Schrodinger’s Bacterium: Superposition of Living Things

What unites chlorophyll, the way birds find their way south for winter, and possibly the most famous thought experiment of all time? That would be superposition.

Superposition is a concept within quantum theory in which an object capable of being in either of two states (a particle that could be red or blue, say) is simultaneously in both those states until it is observed. In other words, the particle is both red and blue until someone performs an experiment to find out which it is, at which point it settles down to being definitely either red or blue. Or the universe splits into two universes, in one of which the scientist discovers the particle to be blue, and in the other finds a red particle, or whatever other school of thought happens to float your quantum-mechanical boat. Essentially, performing the experiment forces an object into one definite state – usually known as ‘collapsing the wavefunction’. But until this happens, the object is perfectly happy to be both at once.

The best-known example of this is the thought experiment known as Schrödinger’s Cat. Trapped in a box with a single radioactive atom and an ingenious device which will deal out some form of gruesome death as soon as it detects the atom decay, the cat is, to say the least, in an uncomfortable position. It seems inevitable that sooner or later, the atom will decay and trigger a swift, painful end for kitty. However, remember that by closing the box, the scientist has deliberately avoided making a measurement of the atom – so it will happily remain in a state of superposition, both decayed and undecayed, until the box is opened.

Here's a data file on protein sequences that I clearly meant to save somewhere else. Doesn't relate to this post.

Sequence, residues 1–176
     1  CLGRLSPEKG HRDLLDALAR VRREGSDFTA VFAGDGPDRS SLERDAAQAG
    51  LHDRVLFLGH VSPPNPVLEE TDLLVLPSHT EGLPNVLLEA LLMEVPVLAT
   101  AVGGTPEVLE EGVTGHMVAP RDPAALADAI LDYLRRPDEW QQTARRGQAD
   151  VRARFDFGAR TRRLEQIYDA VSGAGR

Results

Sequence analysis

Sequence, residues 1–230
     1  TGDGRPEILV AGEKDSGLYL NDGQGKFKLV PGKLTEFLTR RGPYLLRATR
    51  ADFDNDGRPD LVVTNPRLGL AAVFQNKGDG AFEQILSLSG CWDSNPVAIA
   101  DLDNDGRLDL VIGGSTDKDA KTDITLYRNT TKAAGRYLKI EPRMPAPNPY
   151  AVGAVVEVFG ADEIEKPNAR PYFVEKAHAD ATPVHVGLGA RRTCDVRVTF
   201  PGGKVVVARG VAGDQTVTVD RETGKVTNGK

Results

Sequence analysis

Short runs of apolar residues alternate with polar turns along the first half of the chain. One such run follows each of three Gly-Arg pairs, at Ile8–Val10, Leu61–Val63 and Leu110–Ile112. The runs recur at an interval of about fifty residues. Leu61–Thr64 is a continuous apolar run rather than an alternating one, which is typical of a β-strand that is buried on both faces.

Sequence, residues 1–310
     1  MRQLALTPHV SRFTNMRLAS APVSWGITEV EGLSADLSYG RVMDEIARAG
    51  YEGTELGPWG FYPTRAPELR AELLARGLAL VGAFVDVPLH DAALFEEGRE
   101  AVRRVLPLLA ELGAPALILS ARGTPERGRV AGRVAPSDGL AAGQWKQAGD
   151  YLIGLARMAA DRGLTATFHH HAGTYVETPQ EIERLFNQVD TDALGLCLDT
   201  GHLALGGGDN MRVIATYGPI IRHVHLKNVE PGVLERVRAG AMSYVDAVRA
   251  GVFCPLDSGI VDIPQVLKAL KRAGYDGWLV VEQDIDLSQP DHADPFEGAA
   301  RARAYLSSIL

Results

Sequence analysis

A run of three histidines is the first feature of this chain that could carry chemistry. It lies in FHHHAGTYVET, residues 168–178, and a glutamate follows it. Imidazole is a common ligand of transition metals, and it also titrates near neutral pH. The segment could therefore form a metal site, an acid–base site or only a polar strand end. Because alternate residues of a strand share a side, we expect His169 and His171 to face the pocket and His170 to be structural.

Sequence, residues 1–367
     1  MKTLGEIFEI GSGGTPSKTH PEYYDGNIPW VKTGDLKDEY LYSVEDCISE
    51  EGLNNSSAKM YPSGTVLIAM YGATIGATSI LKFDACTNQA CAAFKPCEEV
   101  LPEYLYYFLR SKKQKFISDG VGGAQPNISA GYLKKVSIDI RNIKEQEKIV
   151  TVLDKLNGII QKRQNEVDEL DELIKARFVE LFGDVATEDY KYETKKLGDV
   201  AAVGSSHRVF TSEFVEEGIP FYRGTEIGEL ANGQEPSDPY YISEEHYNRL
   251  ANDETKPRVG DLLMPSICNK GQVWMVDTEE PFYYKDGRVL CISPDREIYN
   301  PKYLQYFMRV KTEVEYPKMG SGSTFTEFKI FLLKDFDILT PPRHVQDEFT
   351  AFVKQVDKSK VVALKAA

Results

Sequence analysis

Where does this leave the cat? Well, there are two ways you could find the cat when you open the box – alive or dead. If the atom has decayed, it will be dead; if it has not, then the scientist is due to be confronted with a very angry ball of fur when time is up. But what about before the box is opened, when the atom is both decayed and not decayed? Following the logic through, the cat must be simultaneously alive and dead. Hence Schrödinger’s Cat has come to symbolise the fundamental weirdness at the heart of quantum theory – alive yet not alive, fate hanging in suspension for days, weeks, months, years, however long it takes for the experimenter to decide to check on it.